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SafeWork Australia has replaced its "Draft model Code of Practice – Cranes" publication with a suite of guidance material that contains 10 guides and information sheets targeted toward managing the risks associated with using cranes in the workplace.

The departure from a Code of Practice has implications under the Work Health and Safety Act (2011) (the Act), as "guidance material" does not satisfy the definition of an "approved code of practice" contained in s 274. Normal rules of evidence and admissibility will apply to the guidance material in proceedings commenced under the Act.

This means that the guidance material would sit below a traditional Code of Practice in the hierarchy of information that makes up industry practice.

Information sheets

The guidance material has introduced a series of new information sheets based on specific items of crane-related plant. These six information sheets provide targeted advice on the risks associated with the following types of cranes:

  • bridge and gantry cranes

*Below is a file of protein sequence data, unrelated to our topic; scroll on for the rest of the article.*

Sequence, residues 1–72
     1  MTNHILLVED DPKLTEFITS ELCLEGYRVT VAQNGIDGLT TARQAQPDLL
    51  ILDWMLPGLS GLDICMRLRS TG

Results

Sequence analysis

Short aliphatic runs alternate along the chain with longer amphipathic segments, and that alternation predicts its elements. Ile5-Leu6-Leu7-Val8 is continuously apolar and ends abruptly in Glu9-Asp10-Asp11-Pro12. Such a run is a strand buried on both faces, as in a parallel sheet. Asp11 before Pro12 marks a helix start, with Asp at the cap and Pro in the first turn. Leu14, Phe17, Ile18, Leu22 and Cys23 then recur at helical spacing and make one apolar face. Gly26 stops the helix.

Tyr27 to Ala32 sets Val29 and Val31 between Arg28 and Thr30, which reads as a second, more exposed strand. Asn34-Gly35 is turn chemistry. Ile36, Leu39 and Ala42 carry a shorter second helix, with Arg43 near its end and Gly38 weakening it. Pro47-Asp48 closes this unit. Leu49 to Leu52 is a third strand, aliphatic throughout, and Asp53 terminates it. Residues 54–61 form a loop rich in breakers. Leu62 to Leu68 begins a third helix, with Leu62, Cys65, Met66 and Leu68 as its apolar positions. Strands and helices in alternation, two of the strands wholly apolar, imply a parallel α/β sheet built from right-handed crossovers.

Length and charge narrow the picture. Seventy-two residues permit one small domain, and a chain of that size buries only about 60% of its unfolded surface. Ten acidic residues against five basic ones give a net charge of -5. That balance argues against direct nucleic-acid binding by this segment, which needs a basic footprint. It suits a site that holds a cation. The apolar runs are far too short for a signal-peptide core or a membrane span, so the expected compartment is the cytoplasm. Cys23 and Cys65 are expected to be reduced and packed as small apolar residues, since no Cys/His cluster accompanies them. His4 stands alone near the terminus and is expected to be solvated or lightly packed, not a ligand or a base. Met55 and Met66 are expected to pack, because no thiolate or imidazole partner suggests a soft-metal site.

• vehicle loading cranes
  • vessel mounted cranes
  • crane-lifted work boxes
  • powered mobile plant used as a crane, and
  • quick-hitches for earthmoving machinery.

The guidance material does not create any substantial legislative or regulatory change, however, any person involved in the operation, design, maintenance and management of cranes should consider the advice in the information sheets.

Guides

In addition to these information sheets, the material includes a general guide and specific guides for tower cranes, mobile cranes and inspecting and maintaining cranes. The language used in these guides has been updated to be more consistent with the Australian Standard 1418.

The material contained in these guides is also consistent with material in the previous draft Code of Conduct and maintains specific safety duties for a:

  • crane designer, manufacturer, importer and/or supplier
  • crane owner and other persons with management or control of the crane or the workplace where a crane will operate
  • competent person who inspects cranes, and
  • crane operator.

The guidance material continues to emphasise more general work health and safety obligations of PCBUs, officers and workers. You should keep these guides in mind when installing, commissioning, testing, inspecting, maintaining, decommissioning, dismantling, and altering cranes to ensure workers and other people are not exposed to health and safety risks, so far as is reasonably practicable.

 

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